Kyle Freeman

Joint collaboration on

200-03530 NRI Grant

Apr 2001

Ciudad Obregon

Kyle Freeman

Wheat harvest

July 2001

El Batan

Jagadeesh Mosali, Shambel MogesMicah Humphreys, Paul Hodgen,Carly Washmon

Wheat harvest

Apr 2002

Ciudad Obregon

Paul Hodgen

NASA Grant

June 2002

El Batan

Robert Mullen, Kyle Freeman

Corn Sensing

Oct 2002

El Batan

Keri Brixey, Jason Lawles, Kyle Freeman

Corn Harvest

TOTAL

8

33

http://www.dasnr.okstate.edu/nitrogen_use/cimmyt_visit_2001.htm

slide16

History of Using Indirect Measures for Detecting Nutrient Status

  • NIRS analyzer which is connected to a computer focuses infrared rays on a prepared sample of dried pulverized plant material. The instrument measures protein, fiber and other plant components because each one reflects infrared rays differently.
  • Samples and standards (previously characterized) and then mathematically compared
history of using indirect measures for detecting nutrient status
History of Using Indirect Measures for Detecting Nutrient Status
  • NIRS (near infrared reflectance spectroscopy)
  • Measuring the vibrations caused by the stretching and bending of hydrogen bonds with carbon oxygen and nitrogen.
  • Each of the major organic components of a forage or other feed has light absorption characteristics.
  • These absorption characteristics cause the reflectance that enables us to identify plant composition
chlorophyll meters
Chlorophyll Meters
  • Most WIDELY used “Indirect Measure”
  • Minolta: SPAD (soil plant analysis development unit ) 501 & 502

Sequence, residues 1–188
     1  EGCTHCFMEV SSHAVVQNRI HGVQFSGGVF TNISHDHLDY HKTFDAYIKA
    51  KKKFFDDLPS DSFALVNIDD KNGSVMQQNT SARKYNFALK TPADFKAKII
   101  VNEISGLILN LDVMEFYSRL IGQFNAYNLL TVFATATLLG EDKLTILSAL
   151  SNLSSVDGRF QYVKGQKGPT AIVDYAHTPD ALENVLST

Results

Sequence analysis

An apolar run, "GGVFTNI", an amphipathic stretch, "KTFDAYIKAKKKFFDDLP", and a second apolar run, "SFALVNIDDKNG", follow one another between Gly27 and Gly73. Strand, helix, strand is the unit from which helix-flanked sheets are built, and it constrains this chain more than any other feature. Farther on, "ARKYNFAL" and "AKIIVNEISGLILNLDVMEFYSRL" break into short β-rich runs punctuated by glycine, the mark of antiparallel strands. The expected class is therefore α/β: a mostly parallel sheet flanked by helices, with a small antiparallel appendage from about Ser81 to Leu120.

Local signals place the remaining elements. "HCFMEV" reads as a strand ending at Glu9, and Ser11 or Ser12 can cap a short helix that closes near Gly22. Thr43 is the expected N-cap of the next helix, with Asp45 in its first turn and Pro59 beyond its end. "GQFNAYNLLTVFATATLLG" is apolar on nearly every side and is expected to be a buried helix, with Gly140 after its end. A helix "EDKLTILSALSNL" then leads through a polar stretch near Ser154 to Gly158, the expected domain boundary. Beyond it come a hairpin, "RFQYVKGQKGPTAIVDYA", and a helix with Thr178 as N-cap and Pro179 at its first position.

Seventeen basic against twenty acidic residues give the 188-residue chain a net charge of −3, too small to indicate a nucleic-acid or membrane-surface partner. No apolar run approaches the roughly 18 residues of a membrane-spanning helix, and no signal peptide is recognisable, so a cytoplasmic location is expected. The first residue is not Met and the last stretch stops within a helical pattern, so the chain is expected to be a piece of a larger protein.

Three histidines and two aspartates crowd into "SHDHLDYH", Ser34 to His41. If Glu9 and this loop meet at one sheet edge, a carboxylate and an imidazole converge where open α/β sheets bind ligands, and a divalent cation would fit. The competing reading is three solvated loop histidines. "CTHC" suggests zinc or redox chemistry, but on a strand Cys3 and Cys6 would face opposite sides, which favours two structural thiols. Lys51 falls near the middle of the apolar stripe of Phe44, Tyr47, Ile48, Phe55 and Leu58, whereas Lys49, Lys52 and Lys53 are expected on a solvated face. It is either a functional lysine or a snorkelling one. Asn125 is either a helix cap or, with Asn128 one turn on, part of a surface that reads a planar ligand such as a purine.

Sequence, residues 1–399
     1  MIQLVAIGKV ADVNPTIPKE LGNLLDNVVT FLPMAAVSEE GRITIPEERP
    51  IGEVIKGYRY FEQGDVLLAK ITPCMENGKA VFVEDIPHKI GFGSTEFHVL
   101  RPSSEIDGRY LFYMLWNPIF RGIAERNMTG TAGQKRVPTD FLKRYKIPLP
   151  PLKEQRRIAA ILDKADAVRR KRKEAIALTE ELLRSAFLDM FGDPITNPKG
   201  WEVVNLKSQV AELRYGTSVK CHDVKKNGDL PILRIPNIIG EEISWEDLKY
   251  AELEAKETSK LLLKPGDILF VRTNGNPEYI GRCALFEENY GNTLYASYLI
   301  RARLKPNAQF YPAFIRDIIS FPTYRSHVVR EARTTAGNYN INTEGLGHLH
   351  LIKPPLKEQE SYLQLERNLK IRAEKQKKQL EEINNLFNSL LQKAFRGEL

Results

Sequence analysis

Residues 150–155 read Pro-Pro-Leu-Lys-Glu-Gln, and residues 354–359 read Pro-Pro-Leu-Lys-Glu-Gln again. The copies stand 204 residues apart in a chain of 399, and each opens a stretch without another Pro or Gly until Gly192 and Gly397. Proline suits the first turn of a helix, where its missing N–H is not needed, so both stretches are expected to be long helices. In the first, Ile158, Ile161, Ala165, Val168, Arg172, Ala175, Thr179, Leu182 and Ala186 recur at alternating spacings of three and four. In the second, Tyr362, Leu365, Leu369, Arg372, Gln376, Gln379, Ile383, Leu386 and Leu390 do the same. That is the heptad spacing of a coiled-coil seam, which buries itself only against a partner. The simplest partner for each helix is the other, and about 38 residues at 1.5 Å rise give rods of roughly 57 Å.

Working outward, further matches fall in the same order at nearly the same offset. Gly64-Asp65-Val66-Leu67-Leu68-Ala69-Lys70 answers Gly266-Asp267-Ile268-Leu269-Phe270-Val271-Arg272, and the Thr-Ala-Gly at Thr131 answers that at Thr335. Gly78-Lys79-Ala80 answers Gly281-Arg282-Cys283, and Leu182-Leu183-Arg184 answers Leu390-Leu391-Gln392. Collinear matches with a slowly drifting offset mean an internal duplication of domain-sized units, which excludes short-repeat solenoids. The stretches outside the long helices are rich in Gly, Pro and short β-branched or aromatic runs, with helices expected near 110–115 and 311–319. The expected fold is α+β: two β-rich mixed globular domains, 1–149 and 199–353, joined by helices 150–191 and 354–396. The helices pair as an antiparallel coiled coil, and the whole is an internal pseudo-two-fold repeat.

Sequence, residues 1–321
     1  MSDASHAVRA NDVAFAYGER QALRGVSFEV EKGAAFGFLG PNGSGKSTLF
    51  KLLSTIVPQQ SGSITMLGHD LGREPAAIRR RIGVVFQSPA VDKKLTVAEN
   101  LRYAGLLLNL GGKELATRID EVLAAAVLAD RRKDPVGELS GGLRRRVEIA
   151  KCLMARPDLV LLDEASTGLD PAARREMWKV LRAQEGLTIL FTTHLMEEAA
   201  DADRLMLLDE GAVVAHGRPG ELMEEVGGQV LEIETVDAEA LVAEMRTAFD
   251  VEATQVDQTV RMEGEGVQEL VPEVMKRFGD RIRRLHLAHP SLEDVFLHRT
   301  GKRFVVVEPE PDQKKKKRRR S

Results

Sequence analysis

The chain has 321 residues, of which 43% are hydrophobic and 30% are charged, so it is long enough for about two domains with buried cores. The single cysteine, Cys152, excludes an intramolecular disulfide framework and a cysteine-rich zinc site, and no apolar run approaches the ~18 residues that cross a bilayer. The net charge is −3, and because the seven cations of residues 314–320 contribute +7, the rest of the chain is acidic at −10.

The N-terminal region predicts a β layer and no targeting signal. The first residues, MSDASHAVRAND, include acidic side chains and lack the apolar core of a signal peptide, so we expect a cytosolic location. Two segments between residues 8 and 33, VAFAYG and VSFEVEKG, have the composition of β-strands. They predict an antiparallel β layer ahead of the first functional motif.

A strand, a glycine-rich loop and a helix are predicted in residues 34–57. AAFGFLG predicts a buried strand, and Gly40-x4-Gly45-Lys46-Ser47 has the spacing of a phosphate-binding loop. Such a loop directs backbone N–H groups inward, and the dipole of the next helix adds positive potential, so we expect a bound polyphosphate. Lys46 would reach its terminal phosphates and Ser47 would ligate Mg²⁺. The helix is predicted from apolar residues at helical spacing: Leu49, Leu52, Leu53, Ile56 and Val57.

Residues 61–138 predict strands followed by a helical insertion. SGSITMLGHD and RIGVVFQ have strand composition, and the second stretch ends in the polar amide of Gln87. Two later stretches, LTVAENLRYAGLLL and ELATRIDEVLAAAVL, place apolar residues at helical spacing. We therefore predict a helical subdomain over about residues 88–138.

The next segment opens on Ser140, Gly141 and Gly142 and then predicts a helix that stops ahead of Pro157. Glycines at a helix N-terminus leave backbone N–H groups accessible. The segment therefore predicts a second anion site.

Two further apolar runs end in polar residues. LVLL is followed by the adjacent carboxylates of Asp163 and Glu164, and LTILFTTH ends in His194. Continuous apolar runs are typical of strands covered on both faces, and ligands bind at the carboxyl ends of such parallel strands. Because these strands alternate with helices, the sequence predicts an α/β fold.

• light absorbance (light attenuation) at 430 (violet) and 750 nm (red/NIR transition)
  • No tissue collection
  • Leaf chlorophyll (SPAD) vs Leaf N concentration and NO3-N
chlorophyll meters cont
Chlorophyll Meters (cont.)
  • http://www.specmeters.com/Plant_Chlorophyll_Meters/
  • How SPAD meters work IRRI (READ)Go to Factors affecting SPAD values

Go to CRITCAL SPAD VALUES for varietal work

  • University of NEBRASKA, sufficiency approach
      • High correlation between leaf chlorophyll and leaf N. Why?
      • Sample area. Problems?
  • http://agronomy.ucdavis.edu/uccerice/afs/agfs0394.htm
  • http://www.store.ripplecreek.com/category-greenformulas.html
slide20

Short wavelength

High energy

Long wavelength

Low energy

Phycoerythrin

Chlorophyll b

Phycocyanin

B-Carotene

Chlorophyll a

Ultraviolet

Infrared

X-Rays

0.01 10 380 450 495 570 590 620 750

wavelength, nm

on the go chemical analyses
On-the-go-chemical-analyses
  • ‘SoilDoctor’ selective ion electrode mounted on the shank of an anhydrous ammonia applicator
  • Electromagnetic induction (EMI)
  • http://oldsci.eiu.edu/physics/DDavis/1160/Ch21Ind/Farady.html
  • VERIS
  • measurements (Missouri)
    • predicting grain yield
    • sand deposition
    • depth to clay pan
    • electrical conductivity
slide25

On-the-go-chemical-analyses

  • On-the-go sensors for organic matter and ground slope (Yang, Shropshire, Peterson and Whitcraft)
  • Satellite images
  • Aerial images (NIR sensitive film)
implications
Implications
  • Reports of improved correlation between indirect measures and yield (EMI) versus soil test parameters
  • Soil testing (process of elimination)
    • no single parameter is expected to be correlated with yield
    • K vs yield
    • P vs yield
    • N vs yield
    • pH vs yield
fes and spad
FES and SPAD
  • Chlorophyll Meters and Field Element Size
  • What is the connection?
  • Indirect Measures? Is this a process of elimination like soil testing?
fyi spectral radiance
FYI Spectral Radiance
  • Radiance: the rate of flow of light energy reflected from a surface
  • Measuring the radiance of light (at several wavelengths) that is reflected from the plant canopy
  • Photodiodes detect light intensity (or radiance) of certain wavelengths (interference filters, e.g., red, green, NIR) that are reflected from plants and soil.
slide29

Normalized Difference Vegetation Index(NDVI)

= NIR ref – red ref / NIR ref + red ref

(up – down)

excellent predictor of plant N uptake

Units:

N uptake, kg ha-1

slide30

Sensor Design (1991-96)

Micro-Processor, A/D Conversion, and Signal Processing

Photo-Detector

Optical Filters

Ultra-Sonic

Collimation

March 1996

Sensor

Plant and Soil target